Health Care Workers Minimum Wage Increase Postponed to July 1, 2024

Last Friday, May 31, 2024, Newsom signed SB 828, which delays the minimum wage increase for California health care workers, outlined in the previous bill, SB 525, for one month.

The planned schedule of wage increases will now begin July 1, 2024, instead of June 1. The bill has an urgency clause, meaning it takes place immediately.

How and Why SB 525 plans to increase health care wages

SB 525’s minimum wage increase plans were signed in 2023 to help compete with the increasing wages of many industries in 2024, and attract more dedicated and consistent health care workers to the field post-pandemic.

SB 525 requires covered healthcare facilities to pay higher minimum wages to their employees. Once in effect, SB 525 will increase minimum wages for covered healthcare employees at different rates, starting between $18 and $23 per hour. The rate is dependent upon the facility type.

Five separate wage increase plans delineated in the bill will gradually increase minimum wages until they reach $25 per hour over several years. The longest plan aims to reach $25 per hour by 2033.

What health care employees does SB 525 apply to?

Upon reading the bill, you’ll encounter the term “covered health care employees” or “covered health care facility” to describe the health care employees subject to impending wage increases. The bill explains that a covered health care employee must meet both of the following conditions to receive the higher minimum wage:

“(i) The employee’s employer contracts with the health care facility employer, or with a contractor or subcontractor to the health care facility employer, to provide health care services, or services supporting the provision of health care.

(ii) The health care facility employer directly or indirectly, or through an agent or any other person, exercises control over the employee’s wages, hours or working conditions. However, “covered health care employee” includes all employees performing contracted or subcontracted work primarily on the premises of a health care facility to provide health care services or services supporting the provision of health care.”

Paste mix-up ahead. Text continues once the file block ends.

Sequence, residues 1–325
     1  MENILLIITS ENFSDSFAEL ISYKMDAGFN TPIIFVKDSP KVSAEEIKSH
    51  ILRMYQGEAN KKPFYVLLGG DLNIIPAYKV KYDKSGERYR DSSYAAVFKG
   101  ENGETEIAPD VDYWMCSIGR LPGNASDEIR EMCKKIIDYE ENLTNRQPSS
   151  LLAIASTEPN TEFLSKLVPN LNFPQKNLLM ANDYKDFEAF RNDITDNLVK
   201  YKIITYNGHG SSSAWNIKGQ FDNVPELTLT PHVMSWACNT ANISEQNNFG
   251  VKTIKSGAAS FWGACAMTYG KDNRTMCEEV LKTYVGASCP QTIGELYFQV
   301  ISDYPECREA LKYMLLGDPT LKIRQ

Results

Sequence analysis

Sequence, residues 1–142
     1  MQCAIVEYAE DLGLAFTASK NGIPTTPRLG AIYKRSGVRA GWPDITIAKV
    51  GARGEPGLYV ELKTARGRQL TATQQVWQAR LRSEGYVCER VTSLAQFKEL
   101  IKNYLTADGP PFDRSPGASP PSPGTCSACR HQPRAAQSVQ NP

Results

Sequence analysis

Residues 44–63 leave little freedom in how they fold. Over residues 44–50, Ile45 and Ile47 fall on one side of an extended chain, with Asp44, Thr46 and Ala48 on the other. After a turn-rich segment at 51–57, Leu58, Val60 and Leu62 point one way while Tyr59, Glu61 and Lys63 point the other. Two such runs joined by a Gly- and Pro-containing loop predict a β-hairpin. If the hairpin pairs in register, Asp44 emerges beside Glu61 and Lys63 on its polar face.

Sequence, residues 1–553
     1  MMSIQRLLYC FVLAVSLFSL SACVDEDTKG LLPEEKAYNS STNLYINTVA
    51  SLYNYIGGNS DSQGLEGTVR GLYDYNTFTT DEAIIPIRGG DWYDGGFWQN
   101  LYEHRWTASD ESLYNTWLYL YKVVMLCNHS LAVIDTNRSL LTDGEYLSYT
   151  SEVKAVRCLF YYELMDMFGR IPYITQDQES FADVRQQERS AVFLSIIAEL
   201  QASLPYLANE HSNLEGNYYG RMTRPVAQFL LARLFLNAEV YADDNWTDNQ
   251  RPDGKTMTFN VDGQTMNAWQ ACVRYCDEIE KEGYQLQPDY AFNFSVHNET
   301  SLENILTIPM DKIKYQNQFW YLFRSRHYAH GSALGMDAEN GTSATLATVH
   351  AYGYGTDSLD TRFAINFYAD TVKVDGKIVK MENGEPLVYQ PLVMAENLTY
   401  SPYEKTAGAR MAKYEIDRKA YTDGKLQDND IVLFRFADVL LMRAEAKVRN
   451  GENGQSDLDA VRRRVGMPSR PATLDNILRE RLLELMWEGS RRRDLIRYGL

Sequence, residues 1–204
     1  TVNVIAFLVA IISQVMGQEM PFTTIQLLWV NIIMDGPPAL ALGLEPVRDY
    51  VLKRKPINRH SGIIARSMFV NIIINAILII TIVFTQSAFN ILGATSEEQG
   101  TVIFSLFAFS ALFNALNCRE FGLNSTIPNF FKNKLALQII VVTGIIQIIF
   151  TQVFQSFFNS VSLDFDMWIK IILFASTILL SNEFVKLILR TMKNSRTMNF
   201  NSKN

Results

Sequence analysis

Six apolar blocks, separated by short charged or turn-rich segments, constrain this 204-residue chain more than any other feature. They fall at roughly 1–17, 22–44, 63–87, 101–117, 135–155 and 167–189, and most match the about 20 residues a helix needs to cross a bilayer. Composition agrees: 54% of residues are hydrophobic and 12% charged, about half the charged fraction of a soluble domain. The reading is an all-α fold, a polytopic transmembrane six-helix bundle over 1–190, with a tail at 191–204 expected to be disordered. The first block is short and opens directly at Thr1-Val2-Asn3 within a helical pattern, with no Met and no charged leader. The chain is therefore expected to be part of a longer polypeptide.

Covered Health Care Facilities

The statute only applies to “covered health care facilities,” which must be one or more of the following:

(i) A facility or other work site that is part of an integrated health care delivery system.

(ii) A licensed general acute care hospital, as defined in subdivision (a) of Section 1250 of the Health and Safety Code, including a distinct part of any such hospital.

(iii) A licensed acute psychiatric hospital, as defined in subdivision (b) of Section 1250 of the Health and Safety Code, including a distinct part of any such hospital.

(iv) A special hospital, as defined in subdivision (f) of Section 1250 of the Health and Safety Code.

(v) A licensed skilled nursing facility, as defined in subdivision (c) of Section 1250 of the Health and Safety Code, if owned, operated, or controlled by a hospital or integrated health care delivery system or health care system.

(vi) A patient’s home when health care services are delivered by an entity owned or operated by a general acute care hospital or acute psychiatric hospital.

(vii) A licensed home health agency, as defined in subdivision (a) of Section 1727 of the Health and Safety Code.

(viii) A clinic, as defined in subdivision (b) of Section 1204 of the Health and Safety Code, including a specialty care clinic, or a dialysis clinic.

(ix) A psychology clinic, as defined in Section 1204.1 of the Health and Safety Code.

(x) A clinic as defined in subdivision (d), (g), or (l) of Section 1206 of the Health and Safety Code.

(xi) A licensed residential care facility for the elderly, as defined in Section 1569.2 of the Health and Safety Code, if affiliated with an acute care provider or owned, operated, or controlled by a general acute care hospital, acute psychiatric hospital, or the parent entity of a general acute care hospital or acute psychiatric hospital.

(xii) A psychiatric health facility, as defined in Section 1250.2 of the Health and Safety Code.